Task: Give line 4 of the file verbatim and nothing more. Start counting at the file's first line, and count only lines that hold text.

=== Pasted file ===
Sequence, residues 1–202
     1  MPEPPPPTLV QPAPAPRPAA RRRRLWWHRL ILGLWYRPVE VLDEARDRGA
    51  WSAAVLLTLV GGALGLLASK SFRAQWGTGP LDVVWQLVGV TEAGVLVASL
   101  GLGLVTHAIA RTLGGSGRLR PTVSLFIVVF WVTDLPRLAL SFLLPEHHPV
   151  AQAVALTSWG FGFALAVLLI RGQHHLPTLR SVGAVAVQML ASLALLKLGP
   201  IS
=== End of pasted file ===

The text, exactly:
   101  GLGLVTHAIA RTLGGSGRLR PTVSLFIVVF WVTDLPRLAL SFLLPEHHPV